Charlotte-Mecklenberg (NC) P.D. | Wellness Program Resource Guide
Charlotte-Mecklenberg (NC) Police Department
The Charlotte-Mecklenburg (NC) Police Department (CMPD) has submitted their wellness program for the fourth time as they strive to make improvements and believe strongly in the effectiveness and comprehensiveness of their approach to their officers’ wellness.
As in the previous years, the CMPD continues to follow the “Whole Person” approach, meaning they address every conceivable element of wellness, with a focus on supporting emotional and financial wellbeing. The Whole Person concept includes physical health, fitness, emotional and spiritual health, financial health, personal and relationship health, connectedness, and career satisfaction.
The CMPD Wellness Division is headed by Dr. David Englert, an Operational Psychologist. He has created an effect and responsive wellness unit that now employs a fulltime exercise physiologist, embedded mental health professional who are available to assist officers at a moment’s notice. Dr. Englert and his team created the “Cognitive reframe”, called Nuisance Call Bingo, which helped his dispatcher cope with reoccurring, non-emergency calls that come into 911. This successful strategy has been shared across his region and was a focus of a Destination Zero mini presentation on reducing stress.
This past year the CMPD further integrated its chaplaincy program into its peer support unit, effectively growing the unit and providing 12 chaplains on call 24 hours a day. Apart from Nuisance call Bingo, has created “Innovative Interventions” such as gratitude exercises, and diaphragmatic breathing to help calm oneself.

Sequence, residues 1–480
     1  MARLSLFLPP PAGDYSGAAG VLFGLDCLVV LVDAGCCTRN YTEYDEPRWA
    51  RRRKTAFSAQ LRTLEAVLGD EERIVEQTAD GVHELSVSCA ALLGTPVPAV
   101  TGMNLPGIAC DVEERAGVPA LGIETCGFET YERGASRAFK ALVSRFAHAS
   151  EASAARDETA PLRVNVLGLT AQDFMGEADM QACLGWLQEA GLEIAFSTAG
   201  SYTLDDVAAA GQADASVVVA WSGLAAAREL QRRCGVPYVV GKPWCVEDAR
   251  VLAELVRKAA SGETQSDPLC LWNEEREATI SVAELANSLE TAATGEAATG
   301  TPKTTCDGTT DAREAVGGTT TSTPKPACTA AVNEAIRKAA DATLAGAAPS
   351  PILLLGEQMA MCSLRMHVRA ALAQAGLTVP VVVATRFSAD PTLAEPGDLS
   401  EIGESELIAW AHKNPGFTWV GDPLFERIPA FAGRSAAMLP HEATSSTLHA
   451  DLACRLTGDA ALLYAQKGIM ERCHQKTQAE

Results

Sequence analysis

Also new to the CMPD, is a new mandatory job performance ability testing. This is essentially a physical skills test, and it is being phased in help improve the fitness of the CMPD officers. The Wellness Division also offers its members dieticians, health coaches who can help members create an action plan to improve their health.
They have continued to refine their ability to address critical incidents and apart from handling Officer Involved Shootings (OIS), they have preemptively identified those officers and units that normally process the worst trauma and have focused on helping them build resiliency and deal with the negative effects of “Vicarious trauma.”
The CMPD continue to address what has been identified by their members as the top concerns. Financial concerns and internal relationships with supervisors were two of the top concerns. The CMPD has created “CMPD Hope” a financial support system for members who are in financial distress.
CMPD is one of a handful of agencies that work to transition their officers into retirement, preparing them a year in advance and providing classes and counseling, as well as, helping them to address the job market. The CMPD also keep their retirees connected through their own social network and inclusion at CMPD events.
The agency still produces monthly newsletters to its members and publishes and posts in bathrooms the “U R Ine the know” weekly health message and information.